It has been a while since I went into a full step-by-step process post, but these slippers were so easy to create, so much easier than my first pair, that it seems right to share with everyone.
What a fountain of information she has created! Forget the books, unless you need some pictures to inspire you; instead start right away with her instructions. I’ve corrected just about everything I first learned thanks to her instructions.
1. Start with tracing your foot, and then create an oval around your outline. Make a rough boot shape drawing a straight line up from the middle of the instep. Trace two of these shapes, end to end, on a piece of fabric to create your resist. I used a bit of diaper fabric because it is coated on one side, but cotton will work just as well.
2. Time to lay out your batts over the resist. I started with a layer of natural, undyed wool that is slightly coarse and crimped, partly because it would give the slippers stability, and partly because I wanted the inside to be white. The colored wool is New Zealand merino, very soft and combed straight. The wool in each layer lies perpendicular to the wool in the layer beneath it.
You should have two identical batts when you are finished composed of four (or more) layers – two white and two colored. Take your time laying out the batts, as it is important that they are even throughout, otherwise, you will have thin spots in your slippers.
If you are very lucky, a handsome barista will enter at this point with a large foamy café au lait to bolster your energy.
3. Moisten the first batt with hot, soapy water and lay your screen over the roving. I used rubberized non-skid carpet underlay, but you can use a polyester curtain or some other sheer fabric. Get your hands nice and soapy, then rub them all over the surface, agitating gently without moving the fibers around. Let the felting begin!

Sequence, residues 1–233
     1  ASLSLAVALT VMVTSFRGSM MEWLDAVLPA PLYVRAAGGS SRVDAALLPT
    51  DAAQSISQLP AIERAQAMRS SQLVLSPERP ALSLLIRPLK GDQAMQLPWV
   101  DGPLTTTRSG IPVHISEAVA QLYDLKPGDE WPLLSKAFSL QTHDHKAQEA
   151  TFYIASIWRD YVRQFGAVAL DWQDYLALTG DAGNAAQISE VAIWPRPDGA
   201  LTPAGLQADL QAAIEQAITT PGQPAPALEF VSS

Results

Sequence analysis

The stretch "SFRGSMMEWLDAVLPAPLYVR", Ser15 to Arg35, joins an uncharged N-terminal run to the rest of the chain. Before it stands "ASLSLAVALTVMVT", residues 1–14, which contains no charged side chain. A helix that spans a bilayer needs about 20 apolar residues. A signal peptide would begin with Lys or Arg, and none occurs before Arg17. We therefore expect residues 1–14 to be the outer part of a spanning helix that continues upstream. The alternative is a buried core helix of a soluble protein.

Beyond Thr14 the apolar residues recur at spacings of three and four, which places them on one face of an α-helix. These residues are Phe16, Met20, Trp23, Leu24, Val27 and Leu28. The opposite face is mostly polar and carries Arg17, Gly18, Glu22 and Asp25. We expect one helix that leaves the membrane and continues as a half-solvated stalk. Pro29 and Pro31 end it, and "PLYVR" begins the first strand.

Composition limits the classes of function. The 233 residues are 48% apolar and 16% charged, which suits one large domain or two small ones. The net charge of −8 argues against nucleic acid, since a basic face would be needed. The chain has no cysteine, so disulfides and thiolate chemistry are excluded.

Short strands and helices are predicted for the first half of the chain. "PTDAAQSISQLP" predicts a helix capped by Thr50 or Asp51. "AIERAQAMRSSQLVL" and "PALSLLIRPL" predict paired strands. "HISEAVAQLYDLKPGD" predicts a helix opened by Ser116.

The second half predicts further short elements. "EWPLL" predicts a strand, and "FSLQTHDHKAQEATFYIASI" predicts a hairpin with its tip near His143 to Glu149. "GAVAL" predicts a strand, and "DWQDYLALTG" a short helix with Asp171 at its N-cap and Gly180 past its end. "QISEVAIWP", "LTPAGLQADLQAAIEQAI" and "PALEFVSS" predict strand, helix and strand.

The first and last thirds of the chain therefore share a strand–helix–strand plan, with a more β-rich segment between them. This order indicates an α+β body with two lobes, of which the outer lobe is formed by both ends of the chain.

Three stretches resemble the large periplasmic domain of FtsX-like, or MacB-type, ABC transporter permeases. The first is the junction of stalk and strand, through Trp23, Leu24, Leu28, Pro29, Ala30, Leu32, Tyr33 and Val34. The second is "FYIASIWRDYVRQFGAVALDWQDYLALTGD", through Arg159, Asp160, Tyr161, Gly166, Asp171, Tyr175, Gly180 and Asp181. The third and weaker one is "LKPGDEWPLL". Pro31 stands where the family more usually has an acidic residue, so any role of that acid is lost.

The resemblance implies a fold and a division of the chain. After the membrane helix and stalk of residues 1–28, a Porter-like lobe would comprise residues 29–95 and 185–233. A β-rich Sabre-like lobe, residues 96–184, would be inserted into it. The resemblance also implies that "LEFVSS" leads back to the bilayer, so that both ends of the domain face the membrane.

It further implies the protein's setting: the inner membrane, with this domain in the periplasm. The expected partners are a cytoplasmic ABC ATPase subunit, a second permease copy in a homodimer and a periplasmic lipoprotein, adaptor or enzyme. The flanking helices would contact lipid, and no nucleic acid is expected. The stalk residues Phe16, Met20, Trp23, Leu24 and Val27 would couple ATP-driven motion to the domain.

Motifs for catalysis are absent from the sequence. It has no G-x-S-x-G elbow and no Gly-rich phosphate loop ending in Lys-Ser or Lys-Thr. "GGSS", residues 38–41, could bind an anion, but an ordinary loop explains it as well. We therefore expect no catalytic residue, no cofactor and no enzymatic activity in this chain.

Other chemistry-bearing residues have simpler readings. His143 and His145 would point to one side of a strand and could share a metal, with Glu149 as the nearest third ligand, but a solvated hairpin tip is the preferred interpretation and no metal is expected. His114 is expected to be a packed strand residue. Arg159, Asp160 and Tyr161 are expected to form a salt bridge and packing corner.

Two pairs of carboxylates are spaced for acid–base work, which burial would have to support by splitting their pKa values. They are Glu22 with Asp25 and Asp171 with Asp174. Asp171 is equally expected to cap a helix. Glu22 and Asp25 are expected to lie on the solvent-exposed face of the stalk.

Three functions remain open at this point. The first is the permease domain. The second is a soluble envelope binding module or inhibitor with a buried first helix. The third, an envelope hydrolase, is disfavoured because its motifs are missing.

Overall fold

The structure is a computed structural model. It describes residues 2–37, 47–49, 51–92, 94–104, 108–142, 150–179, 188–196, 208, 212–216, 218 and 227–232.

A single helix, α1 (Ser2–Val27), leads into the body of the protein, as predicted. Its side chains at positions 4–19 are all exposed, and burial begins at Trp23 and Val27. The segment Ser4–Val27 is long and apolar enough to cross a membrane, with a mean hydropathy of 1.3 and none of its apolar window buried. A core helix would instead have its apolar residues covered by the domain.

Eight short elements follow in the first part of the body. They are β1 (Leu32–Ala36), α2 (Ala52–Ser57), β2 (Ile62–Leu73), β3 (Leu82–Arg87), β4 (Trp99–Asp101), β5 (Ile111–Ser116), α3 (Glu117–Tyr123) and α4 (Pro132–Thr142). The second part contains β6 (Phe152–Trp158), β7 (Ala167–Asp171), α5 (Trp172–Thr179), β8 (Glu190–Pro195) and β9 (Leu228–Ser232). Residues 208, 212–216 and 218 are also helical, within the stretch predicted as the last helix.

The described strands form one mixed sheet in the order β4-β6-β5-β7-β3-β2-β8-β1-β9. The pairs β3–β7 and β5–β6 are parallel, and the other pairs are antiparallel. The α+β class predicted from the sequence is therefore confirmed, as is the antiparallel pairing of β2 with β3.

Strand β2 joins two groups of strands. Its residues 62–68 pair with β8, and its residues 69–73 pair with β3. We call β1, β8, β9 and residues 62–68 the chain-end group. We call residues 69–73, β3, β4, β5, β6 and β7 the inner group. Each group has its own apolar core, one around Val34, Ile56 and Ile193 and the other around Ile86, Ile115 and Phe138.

4. After a couple of minutes, remove the screen and flip over your batt. Tuck the loose edges around your resist.
5. Repeat the process with the second batt, and then sandwich the two together.
6. Fold the loose edges of the second batt over the first batt, which has already been tidied. Your resists will be trapped in the middle inside, between the layers of felt.
7. The next step is fulling the felt. I use bubble wrap, as directed by Pat Sparks; other people use bamboo screens, or blinds, and still others use yoga mats. Whatever you use, give the felt another dose of hot, soapy water, roll it up and work it.
My preferred method is to wrap the bubble wrap bundle in a beach towel and rock it back and forth under my feet for fifteen minutes. This creates a nice firm felt, in a short amount of time. Other methods suggest rubbing the felt on a washboard, but I found this laborious and boring.
The towel technique is a variation on the time-tested method used by nomadic peoples around the world to create large tapestries and yurts; they bundled the wool and dragged it for miles behind a pack animal as they travelled across the steppes.
8. Unroll the bundle after five minutes to check on the progress. It may be necessary to straighten or realign the felt if it has become skewed in one direction, or if it is felting more in one spot than another.
9. Rotate the felt 90 degrees before rolling it back up to ensure that it felts evenly in all directions.
10. When the felt is close to the size you hope to achieve, it is time to cut the package open. This is my favorite part. Slice them right down the middle and extract the fabric resist.
11. Since I intended to keep these slippers, I put them on and worked them with some more hot water until they felt snug; this is where the final shaping happens. If you are making a small pair, simply felt them around your hand, working the felt from both the inside and the outside.
I was a bit too vigorous at this stage, as one of the slippers has a little nipple on the toe where I didn’t smooth out the crease down the middle carefully enough. It is also nice to work all of the edges after they have been cut to make them look smooth.
…a little lariat, a few needle felted leaves and a little button to close it up. Lance said I remind him of the Mercury Man logo for FTD flowers wearing these slippers, derived from the Roman god Mercury hence the name Mercury’s Slippers.